It is no insignificant aspect of the second blessing that Jabez requested the presence of God himself with him in life.  Where is God’s hand, there is God himself—with Jabez.  This is the blessing of the covenant above all else:  God is with us, and we therefore are with God.

The less honorable young people in the godly family and in the church are content to forget God, to live and work pretty much in their own strength, and even to direct their life according to their own whims and pleasures.  Their own hand plays too prominent a role in their life.

Young man, young woman—pray: “That thine hand might be with me.”

The third blessing that made up the prayer of Jabez was that God would keep Jabez from evil.  It was not that God would keep evil from Jabez, that is, all kinds of earthly evil, as humans esteem evil—sickness, poverty, family problems, and the like.  But Jabez desired that God keep him from the evil of sin.  He willed and prayed that the power of sin might not rule him, that no besetting sin, whether lust or drunkenness or pride, or any other, get mastery over him even in his soul, that he never fall into presumptuous sin.

Jabez knew that the real evil threatening human life is sin.

He knew also that it is sin that causes the worst misery.  His reason for the request to be kept from evil was “that it may not grieve me!”  Sin separates from God.  Sin deprives the child of God of the experience of the covenant.  Sin dams up the outpouring of blessings.  Sin exposes the sinner to the painful chastisements of God.

The third blessing is the petition of the young person today, “Lead us not into temptation, but deliver us from evil.”

It is the prayer for Jesus Christ, the Savior from sin, and for his salvation from sin.

The less honorable young people are concerned more about God’s keeping earthly evils from them than they are about his keeping them from the spiritual evil of sin.

Young man, young woman—pray: “Keep me from evil.”

 

His Joy

“And God granted him that which he requested” (v. 10).

He always does, when the covenant young man or woman requests the spiritual blessings, riches of Christ, fellowship with God, protection and guidance, and holiness that God has promised to his covenant people.

To those who desire the world, God gives the world.

To those who are satisfied with a bare minimum of blessing, God gives the bare minimum.

To those who desire spiritual abundance, God gives abundance.

The life of Jabez, therefore, stretching before him in his youth, would be satisfying and profitable, whereas the life of so many is vanity.  And it would end in the enlarged coasts of the new world in the day of Christ, from which evil is banished.  For the hand of God with a young person in this life leads him or her unto eternal life.

Granting Jabez that which he requested, God made Jabez joyful.  His life would be a joyful life.  This is implied in Jabez’ request that God keep him from evil, “so that it may not grieve me!”  “Grieve,” in the Hebrew language of the Old Testament, is the same word as Jabez’ name.  Jabez was very much aware of his unhappy name.  The sorrowful one prayed that evil might not make him sorrowful.  By answering Jabez’ prayer, God made him joyful, with real, lasting joy.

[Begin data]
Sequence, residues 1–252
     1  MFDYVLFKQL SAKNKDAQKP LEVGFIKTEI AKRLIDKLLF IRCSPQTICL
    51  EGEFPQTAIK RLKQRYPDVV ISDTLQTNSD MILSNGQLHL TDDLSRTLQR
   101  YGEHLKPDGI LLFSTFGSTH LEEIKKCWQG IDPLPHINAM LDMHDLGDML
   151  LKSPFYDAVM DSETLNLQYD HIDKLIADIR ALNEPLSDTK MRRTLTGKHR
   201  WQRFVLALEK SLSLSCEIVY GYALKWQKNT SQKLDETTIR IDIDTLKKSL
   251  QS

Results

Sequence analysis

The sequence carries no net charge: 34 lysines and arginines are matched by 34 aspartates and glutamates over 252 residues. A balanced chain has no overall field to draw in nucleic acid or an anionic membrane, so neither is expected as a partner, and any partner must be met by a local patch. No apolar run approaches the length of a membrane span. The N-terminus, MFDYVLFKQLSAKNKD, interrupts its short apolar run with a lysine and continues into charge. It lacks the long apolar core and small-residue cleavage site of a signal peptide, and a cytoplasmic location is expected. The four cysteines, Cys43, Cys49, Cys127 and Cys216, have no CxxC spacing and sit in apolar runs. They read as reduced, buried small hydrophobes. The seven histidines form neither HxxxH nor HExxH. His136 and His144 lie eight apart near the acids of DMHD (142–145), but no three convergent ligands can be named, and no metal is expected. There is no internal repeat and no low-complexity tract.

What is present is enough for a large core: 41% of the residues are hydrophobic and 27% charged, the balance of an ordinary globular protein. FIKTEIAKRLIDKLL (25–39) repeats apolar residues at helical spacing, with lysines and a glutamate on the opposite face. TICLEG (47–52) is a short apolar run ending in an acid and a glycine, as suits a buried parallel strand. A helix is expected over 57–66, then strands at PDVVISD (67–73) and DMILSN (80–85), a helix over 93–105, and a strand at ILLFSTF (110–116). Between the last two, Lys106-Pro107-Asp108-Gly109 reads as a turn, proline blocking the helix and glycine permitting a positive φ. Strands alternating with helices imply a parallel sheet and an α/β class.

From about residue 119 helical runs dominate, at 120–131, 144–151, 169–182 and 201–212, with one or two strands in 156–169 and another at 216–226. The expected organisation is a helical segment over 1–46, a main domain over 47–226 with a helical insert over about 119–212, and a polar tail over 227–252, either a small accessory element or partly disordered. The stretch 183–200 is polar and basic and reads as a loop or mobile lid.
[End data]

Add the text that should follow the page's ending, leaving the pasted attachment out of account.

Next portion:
The sorrowful one became the joyful one.

This is our desire for all our children and all the young people of the congregations.

This, young people, desire for yourselves!

With Jane’s approval, I add to her moving article on marriage, divorce, and remarriage what she herself could not comfortably write.

When she was cruelly and wickedly abandoned and then divorced by her husband, she was assailed by especially two powerful temptations.  One was despair.  Using her distress, and for a woman, especially a young woman who naturally, strongly desires a husband, children, and a family of her own, the distress was severe, Satan tempted her to despair not only of the possibility of purpose and joy in earthly life, but also of God and his goodness.

The other powerful temptation was bitterness.  Yielded to, the bitterness would not have terminated on her painful circumstances or even on a faithless husband.  But ultimately, it would have been resentment against God and his dealings with her.  Bitterness would have consumed her spiritual life and shriveled up her earthly life.

By the almighty, amazing, never failing grace of God in Jesus Christ, Jane resisted both temptations.  She refused to plunge into the depression of despair.  She gave bitterness no place in her soul.

With trust in the sovereignty and goodness of God of her faith, she submitted to her adverse circumstances as the will of her heavenly Father for her life.  Rather than give up on life—Christian life—as would have been the easy way of response to her divorce and single life, she determined that she would study at college for four years to become a Christian school teacher.  This she accomplished.  For the past fifteen years, she has taught in our Heritage Christian School in Hudsonville, Michigan.  There God has given her a large and loving family, including many children.

In her obedience to the command of the Lord that the divorced woman, particularly the “innocent party” in the divorce, remain “unmarried” (1 Cor. 7:10–11), Jane is a visible, ringing testimony to the unbreakable marriage covenant between God and his bride, the church.

She is also a witness to the power of the grace of God that enables us to do hard, even naturally impossible things, and to do them willingly and gladly.  As she has written in her article, grace gives her not only obedience (to a very difficult command), but also the experience that “obedience is liberty.”